Writings about software development.
Serde is an amazing collection of Rust libraries for Serialization and Deserialization with many useful supported formats. For example, I can convert a YAML file into a native Rust struct by just slapping a #[derive(Deserialize)] above the struct. One challenge that I faced was reading YAML files of different schema versions. One option is to use Option<T> for all fields which changed between versions. Generally speaking, this is probably the easiest and most suitable solution.
A while back, I posted my first Rust Video. In it, I am showing how to write a simple command line application in Rust – including useful libraries. The CLI is mimicking the GNU shuf utility: It randomly shuffles files of an input file. Libraries used: structopt eyre & color-eyre rand Along the way we also see the usefulness of the Rust Analyzer. I hope you enjoy it.
Practical Notes on Advanced Git Bisect This is an adaptation from my Twitter thread: Git bisect ✂️ a thread 🧵. — Christoph Siedentop (@chsiedentop) November 20, 2020 Recap of Bisect I assume you’ve used or heard of git bisect. If you’ve neither heard off nor used git bisect before, then I encourage you to give it a try. Franziska Hinkelmann provides a good intro and a test repo to find a bug with git bisect.
Yesterday’s post showed that the original C++ version is around 13 times slower than my non-optimized Rust version. Next, I’ll show how to get easily equivalent performance to Rust. One problem that I immediately made out when first seeing the C++ version is that it uses std::regex. std::regex is known to be horribly slow 1. Just replacing the checking of the file name extension with the in-built e.path().extension() != ".txt" speeds up from 373 ms to 52ms!
Yesterday, I wrote about implementing word-count in Rust. Having never written Swift before1, I wanted to try my hand at the same problem. This is certainly not comparable to my Rust version or the C++ version 2. Doing this in Swift just consisted of constant googling and the result is certainly not what a proficient Swifter would write. Getting started I created a new Swift package, and built it in the command line.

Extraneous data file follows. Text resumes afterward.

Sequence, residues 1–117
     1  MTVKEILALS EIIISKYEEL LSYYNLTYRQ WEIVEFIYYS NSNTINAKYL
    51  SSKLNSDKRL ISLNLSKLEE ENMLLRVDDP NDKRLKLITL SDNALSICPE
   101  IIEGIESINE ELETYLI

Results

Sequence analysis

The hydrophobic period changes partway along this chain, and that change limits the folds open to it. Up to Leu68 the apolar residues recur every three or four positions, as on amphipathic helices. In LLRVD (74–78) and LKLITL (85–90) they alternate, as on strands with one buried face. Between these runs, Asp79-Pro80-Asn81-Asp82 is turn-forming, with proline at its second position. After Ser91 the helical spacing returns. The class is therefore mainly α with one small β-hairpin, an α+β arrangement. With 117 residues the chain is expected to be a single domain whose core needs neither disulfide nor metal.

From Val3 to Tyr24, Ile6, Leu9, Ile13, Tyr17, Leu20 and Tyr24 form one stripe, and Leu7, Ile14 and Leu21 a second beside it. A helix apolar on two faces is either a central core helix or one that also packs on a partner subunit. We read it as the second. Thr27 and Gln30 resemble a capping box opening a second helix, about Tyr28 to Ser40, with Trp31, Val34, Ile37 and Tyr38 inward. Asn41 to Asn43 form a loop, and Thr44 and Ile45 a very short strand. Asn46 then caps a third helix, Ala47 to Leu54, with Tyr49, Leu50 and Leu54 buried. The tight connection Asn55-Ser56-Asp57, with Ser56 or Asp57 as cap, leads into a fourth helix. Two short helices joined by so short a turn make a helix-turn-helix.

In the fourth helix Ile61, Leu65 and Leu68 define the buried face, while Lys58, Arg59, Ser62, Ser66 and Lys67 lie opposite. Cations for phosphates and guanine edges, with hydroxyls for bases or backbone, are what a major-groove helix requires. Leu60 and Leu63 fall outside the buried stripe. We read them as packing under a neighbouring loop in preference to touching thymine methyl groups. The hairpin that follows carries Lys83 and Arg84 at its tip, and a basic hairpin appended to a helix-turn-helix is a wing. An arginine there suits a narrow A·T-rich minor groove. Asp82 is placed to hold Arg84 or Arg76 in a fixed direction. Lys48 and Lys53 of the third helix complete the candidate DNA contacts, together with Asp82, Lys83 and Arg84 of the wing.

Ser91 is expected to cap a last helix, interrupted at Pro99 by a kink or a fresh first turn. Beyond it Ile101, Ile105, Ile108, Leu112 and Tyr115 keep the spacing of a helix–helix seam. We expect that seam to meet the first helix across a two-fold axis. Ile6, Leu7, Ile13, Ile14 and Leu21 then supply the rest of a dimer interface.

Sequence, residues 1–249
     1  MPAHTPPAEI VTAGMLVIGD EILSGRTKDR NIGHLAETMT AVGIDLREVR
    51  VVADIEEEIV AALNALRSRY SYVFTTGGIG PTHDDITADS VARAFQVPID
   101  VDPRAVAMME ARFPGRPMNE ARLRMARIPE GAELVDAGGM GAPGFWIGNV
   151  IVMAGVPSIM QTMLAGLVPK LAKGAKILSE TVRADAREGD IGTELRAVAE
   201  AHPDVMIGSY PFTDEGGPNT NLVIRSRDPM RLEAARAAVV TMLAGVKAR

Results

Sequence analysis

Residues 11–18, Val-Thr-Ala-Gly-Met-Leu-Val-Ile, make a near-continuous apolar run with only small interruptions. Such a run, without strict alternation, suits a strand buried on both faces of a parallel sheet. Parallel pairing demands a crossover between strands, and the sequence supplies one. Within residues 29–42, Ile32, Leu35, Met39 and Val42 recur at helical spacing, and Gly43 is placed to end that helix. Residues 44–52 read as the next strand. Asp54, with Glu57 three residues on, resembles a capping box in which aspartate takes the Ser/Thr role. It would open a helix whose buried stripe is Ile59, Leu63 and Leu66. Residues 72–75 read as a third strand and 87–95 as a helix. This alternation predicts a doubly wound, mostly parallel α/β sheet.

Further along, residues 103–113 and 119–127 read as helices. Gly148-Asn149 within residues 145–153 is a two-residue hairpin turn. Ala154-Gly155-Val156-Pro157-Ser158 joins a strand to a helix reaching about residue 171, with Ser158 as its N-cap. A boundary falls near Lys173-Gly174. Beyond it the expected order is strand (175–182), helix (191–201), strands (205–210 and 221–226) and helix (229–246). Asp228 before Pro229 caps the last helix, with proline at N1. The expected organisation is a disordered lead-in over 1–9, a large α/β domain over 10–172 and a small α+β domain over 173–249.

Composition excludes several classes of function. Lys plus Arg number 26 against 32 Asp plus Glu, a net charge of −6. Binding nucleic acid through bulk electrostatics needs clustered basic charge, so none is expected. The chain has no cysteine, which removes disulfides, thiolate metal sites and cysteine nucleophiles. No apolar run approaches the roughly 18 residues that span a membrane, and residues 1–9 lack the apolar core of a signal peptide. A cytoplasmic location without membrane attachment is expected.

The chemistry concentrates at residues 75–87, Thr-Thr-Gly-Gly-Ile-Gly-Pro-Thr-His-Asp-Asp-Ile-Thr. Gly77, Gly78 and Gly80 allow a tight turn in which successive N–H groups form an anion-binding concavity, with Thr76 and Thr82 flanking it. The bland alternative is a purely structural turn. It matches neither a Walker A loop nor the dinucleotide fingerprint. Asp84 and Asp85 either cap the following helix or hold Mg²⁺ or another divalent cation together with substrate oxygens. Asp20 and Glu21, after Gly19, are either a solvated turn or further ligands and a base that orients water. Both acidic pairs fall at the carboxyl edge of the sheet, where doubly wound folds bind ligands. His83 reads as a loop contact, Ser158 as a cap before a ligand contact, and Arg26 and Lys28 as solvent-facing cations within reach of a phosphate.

Last week there were two posts on the reputation of C++. In a noble effort, Jussi Pakkanen showcased modern C++. Nothing fancy, just clean and readable code. Unfortunately, around ten years after C++11, the news that simple (and safe) C++ code is now the default has not spread everywhere. Jason Moiron answered with Go code doing the same (article). Both programs find the ten most common words in all txt files, which can be recursively found in the current directory.
Crash Reporting If your program is running on more than one machine or is used by others, you probably want to get some insight into when things fail. I believe this is commonly called “Crash Reporting”. Such a crash reporting system will consist of a component to collect individual incidents and of a component to aggregate individual reports. For example, it will group common incidents by stack trace. One public example of this, is Mozilla’s system (Socorro).
After last week’s post on how Nushell can be used to convert unstructured data to structured data, I wondered how I would approach the task using traditional tooling. I wrote ‘Bash’ in the title, but what I precicesley mean is POSIX pipes and command line utilities typically found on a Unix-like environment (Linux, macOS, etc). Again, the task is to convert weirdly structured text output (from sshping) to JSON for further processing or long term storage.
Nushell Nushell is pretty great. It’s a new shell that has as its biggest selling point the fact that pipes are inherently structured. I’ve been playing around with version 0.13.0 and was able to find a few rough edges. But I really will be using this in the future. Often, I am torn between writing scripts in Bash or Python. Python is obviously much saner for bigger tasks. But Bash operates nicely with the POSIX world and pipes are just great.